Rauner Vetoes MAP Grant Money
Low-income college students who were promised state help paying for their tuition will continue to go without it. Illinois Governor Bruce Rauner has followed through on his pledge to reject funding for the Monetary Award Program (MAP).
Gov. Rauner vetoed the Democratic-backed legislation (SB 2043) Friday afternoon, despite student rallies in recent days that urged him to sign the measure. The bill also would have provided money to community colleges.
Rauner said in his veto message that the bill would spend $720 million the state doesn't have, "would explode the State's budget deficit," and would exacerbate an already challenging cash flow situation.
Higher education, as well as certain social services, are taking the brunt of the impasse. They've gone that entire time without dollars they've counted on from the state.
It's led some universities and colleges to layoff professors and to close programs; there are reports of students looking to go out of state for school.
Earlier this week, Rauner asked students to be patient.
"It's very tragic situation, it's very upsetting to me, it's a failure of the government process that this is occurring," Rauner said. "I would encourage the students to stay and see if they can be patient and persistent along with us."
Rauner, a Republican, says he does support the financial aid, but through legislation introduced by the G.O.P. That version also gives him authority to cut the budget elsewhere, and which would lessen universities' costs by lifting procurement rules (something school administrators have long asked for).
Immediately after Rauner's veto, Republican legislators were out with press releases promoting their alternative plan, which would also get money to universities.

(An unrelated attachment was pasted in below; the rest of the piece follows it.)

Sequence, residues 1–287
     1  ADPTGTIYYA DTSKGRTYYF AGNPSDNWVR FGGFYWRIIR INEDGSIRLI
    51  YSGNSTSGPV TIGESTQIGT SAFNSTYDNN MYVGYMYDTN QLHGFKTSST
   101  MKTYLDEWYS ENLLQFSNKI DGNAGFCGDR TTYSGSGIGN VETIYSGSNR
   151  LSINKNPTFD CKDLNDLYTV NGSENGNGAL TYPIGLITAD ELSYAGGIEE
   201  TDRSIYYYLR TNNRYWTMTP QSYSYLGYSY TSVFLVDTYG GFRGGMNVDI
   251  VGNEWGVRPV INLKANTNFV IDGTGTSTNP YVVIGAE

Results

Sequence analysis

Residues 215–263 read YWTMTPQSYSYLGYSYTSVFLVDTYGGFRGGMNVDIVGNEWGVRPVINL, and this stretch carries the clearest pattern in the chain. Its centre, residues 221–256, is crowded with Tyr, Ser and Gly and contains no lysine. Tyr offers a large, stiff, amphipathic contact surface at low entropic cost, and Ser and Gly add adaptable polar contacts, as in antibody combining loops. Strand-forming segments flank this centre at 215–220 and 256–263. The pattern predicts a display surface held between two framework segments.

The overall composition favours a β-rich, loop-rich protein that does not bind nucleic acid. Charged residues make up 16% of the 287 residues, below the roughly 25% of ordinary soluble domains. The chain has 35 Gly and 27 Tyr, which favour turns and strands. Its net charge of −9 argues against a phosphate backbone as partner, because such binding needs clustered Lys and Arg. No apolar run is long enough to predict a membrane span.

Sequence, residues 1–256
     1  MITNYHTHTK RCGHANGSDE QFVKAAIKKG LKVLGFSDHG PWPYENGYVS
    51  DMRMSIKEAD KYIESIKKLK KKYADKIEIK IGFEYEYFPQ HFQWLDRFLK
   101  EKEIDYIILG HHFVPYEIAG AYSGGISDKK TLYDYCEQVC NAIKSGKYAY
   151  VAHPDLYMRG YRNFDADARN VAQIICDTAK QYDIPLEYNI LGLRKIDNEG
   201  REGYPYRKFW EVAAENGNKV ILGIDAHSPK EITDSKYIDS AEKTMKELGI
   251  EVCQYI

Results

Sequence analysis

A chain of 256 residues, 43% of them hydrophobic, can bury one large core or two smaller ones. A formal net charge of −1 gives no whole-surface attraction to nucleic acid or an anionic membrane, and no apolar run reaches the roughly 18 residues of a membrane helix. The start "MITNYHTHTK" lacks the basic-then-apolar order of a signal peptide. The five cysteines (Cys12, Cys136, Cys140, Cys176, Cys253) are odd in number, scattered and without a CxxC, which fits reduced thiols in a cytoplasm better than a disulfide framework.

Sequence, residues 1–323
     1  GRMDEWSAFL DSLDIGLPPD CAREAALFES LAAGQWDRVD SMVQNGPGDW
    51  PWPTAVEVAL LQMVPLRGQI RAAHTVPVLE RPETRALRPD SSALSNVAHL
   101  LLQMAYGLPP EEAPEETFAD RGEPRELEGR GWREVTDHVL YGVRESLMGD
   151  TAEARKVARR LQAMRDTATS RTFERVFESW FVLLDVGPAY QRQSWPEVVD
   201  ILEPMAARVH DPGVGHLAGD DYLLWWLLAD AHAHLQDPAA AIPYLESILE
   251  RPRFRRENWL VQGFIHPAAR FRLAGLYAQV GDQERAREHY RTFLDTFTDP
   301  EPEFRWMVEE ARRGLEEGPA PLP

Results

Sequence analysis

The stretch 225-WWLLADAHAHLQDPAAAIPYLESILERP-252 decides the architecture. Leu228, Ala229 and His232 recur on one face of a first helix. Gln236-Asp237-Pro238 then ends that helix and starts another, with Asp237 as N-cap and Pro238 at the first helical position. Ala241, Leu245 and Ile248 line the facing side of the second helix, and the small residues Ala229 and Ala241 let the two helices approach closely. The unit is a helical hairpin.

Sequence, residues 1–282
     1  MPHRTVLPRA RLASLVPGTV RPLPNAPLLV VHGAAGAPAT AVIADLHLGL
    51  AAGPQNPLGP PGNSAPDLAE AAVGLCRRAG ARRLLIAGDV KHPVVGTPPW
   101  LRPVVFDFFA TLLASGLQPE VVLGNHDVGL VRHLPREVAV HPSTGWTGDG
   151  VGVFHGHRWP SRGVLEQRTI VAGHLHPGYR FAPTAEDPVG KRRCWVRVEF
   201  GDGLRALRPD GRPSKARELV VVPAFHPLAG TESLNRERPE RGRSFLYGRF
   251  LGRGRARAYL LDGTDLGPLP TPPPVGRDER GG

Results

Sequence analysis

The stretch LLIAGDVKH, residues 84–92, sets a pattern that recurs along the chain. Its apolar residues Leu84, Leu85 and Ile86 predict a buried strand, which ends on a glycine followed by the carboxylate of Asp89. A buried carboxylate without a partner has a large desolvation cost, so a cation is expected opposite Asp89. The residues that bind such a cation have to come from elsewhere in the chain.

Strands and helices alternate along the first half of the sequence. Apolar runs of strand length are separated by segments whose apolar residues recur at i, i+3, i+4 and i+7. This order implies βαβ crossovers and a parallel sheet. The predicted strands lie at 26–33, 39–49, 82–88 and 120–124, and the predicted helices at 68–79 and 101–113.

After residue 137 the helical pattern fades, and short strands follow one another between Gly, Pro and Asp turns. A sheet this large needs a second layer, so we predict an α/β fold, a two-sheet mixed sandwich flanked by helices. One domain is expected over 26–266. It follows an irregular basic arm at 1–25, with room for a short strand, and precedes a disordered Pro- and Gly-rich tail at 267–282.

Senate President John Cullerton (D-Chicago) said he's disappointed in the governor for letting down students. Rev. Dennis H. Holtschneider, President of DePaul University, echoed Cullerton's sentiments in a written statement:
"DePaul University is disappointed that the political impasse has resulted in the state’s failure to meet its obligation of providing MAP awards to students in the state of Illinois."
The veto comes at an important time for recruiters: High school seniors are choosing which college they'll attend next fall. Holtschneider said DePaul will honor MAP grants for incoming freshman come fall, as "uncertainty about MAP funding should not create additional anxiety in making the college choice that best meets their academic and career goals."
But while DePaul continues to cover the tab for MAP students' grants, other schools say they can't afford it, leaving those students to come up with the cash, to take out loans, to drop out, or to go into arrears on their tuition.